Estate law governs the disposition of a decedent's property, establishes an executor, assures final bills are paid and that the Last Will and Testament is executed according to the decedent's wishes. The probate process, a court proceeding that helps manage the disposal of the estate, is a lengthy course of action that can become complicated and last up to one year, according to EstateSettlement.com. Once the procedure is complete, the personal representative of the estate must file a report with the court that details all income, expenditures and taxes handled on behalf of the estate. An estate has been settled once the final accounting is complete, which becomes public record.
Gather the required information. In order to request estate records, you should have some basic information. Record the decedent's and executor's names, the location of death (state, county and city) and the date of death.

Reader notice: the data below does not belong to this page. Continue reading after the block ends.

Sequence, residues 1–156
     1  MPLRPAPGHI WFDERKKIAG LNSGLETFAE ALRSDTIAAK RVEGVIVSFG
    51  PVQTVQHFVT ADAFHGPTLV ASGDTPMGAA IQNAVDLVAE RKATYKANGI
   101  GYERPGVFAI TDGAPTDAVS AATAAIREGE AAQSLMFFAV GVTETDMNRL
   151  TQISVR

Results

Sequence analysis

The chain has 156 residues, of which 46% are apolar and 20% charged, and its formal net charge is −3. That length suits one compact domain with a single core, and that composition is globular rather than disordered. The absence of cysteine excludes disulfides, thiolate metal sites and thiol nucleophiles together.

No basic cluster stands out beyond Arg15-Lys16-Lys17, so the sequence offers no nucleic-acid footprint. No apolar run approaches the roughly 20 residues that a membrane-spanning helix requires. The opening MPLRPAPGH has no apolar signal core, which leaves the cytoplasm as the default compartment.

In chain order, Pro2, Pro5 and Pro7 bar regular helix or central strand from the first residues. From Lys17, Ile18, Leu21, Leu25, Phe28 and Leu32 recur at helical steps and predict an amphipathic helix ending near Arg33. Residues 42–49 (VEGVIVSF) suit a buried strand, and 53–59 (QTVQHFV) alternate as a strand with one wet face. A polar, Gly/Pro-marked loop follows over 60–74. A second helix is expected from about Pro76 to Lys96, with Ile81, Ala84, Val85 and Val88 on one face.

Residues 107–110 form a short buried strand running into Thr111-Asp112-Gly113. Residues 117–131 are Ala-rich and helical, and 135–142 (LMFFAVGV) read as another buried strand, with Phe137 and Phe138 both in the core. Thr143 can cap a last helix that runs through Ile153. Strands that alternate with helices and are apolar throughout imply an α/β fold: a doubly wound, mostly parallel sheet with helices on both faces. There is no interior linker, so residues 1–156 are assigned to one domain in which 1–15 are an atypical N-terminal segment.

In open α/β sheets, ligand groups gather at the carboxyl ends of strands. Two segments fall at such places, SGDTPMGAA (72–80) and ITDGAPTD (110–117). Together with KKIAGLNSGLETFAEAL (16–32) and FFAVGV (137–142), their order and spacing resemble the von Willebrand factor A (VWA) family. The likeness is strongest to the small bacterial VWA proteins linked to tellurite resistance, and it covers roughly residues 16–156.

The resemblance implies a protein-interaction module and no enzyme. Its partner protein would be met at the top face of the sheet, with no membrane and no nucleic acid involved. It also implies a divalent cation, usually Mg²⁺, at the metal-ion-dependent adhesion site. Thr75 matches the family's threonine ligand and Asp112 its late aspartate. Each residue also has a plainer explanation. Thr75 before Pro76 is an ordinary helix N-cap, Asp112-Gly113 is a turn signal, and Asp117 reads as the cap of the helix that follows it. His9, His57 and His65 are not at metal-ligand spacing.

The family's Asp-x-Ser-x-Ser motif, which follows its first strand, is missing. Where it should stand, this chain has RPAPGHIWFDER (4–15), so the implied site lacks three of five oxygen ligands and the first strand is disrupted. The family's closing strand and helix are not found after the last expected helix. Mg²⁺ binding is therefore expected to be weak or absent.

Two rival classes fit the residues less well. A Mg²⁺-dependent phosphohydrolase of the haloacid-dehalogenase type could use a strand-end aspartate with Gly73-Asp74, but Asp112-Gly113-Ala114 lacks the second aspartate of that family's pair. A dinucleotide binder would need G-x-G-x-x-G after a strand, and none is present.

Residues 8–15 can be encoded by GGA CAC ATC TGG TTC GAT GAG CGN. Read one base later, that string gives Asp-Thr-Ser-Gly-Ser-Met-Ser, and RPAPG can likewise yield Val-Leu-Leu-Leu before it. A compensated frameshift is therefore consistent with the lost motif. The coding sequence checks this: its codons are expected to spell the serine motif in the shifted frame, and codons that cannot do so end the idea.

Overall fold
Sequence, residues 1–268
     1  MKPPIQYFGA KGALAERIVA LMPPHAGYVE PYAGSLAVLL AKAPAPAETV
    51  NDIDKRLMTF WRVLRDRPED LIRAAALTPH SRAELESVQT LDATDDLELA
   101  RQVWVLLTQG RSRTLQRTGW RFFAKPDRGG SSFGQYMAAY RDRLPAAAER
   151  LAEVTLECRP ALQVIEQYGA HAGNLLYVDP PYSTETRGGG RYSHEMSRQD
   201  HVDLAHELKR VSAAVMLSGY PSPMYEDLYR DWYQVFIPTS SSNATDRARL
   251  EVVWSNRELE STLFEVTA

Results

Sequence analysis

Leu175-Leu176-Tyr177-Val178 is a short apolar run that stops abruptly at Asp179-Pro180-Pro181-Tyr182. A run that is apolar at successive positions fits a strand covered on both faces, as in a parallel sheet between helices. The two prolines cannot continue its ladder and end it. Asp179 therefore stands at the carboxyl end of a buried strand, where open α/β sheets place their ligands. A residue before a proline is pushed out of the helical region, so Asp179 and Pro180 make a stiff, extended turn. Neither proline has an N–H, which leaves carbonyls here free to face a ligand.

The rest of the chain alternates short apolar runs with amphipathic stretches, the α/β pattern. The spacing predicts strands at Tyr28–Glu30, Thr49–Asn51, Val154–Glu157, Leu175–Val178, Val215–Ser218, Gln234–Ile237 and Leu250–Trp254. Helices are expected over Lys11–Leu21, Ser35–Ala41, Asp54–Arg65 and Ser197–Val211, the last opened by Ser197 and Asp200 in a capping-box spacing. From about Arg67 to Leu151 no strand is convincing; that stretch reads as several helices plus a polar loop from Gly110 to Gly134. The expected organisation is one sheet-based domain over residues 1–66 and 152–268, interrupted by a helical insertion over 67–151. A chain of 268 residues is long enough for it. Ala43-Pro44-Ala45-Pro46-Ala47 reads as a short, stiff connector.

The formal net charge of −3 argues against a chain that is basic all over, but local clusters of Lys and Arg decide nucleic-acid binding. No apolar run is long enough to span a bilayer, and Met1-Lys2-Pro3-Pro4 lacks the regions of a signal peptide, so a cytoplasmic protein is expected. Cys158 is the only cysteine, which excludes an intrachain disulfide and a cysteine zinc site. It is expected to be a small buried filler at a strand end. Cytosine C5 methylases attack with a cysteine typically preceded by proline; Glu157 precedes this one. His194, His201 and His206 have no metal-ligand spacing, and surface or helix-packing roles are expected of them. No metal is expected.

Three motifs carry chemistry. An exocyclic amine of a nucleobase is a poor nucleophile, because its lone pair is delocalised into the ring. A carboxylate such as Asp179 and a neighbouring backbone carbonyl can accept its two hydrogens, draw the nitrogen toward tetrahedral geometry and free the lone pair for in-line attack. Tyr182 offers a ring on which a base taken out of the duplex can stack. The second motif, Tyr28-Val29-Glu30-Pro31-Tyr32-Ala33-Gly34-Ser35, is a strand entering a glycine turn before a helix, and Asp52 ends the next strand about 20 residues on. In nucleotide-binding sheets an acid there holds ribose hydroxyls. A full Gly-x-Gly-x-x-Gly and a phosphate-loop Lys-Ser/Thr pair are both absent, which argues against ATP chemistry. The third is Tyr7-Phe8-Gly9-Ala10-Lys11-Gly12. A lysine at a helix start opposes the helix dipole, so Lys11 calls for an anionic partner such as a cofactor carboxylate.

Call the probate court. Each state or county may differ in how they run their court system. For example, the Superior Court of the District of Columbia Probate Division handles estates. In New York, it's the New York Surrogate Court. Contact the court in your county or parish that holds jurisdiction over matters of estate.
Ask the clerk of the court for information on researching probate cases. If necessary, request a download link, or fax or mail a request for a records search form. You may need to pay a fee, depending on the age of the case.
Complete the form and send the information to the appropriate address or person. Alternatively, you can visit the court and request the records search. Some states offer online tools that allow you to research estate settlement.
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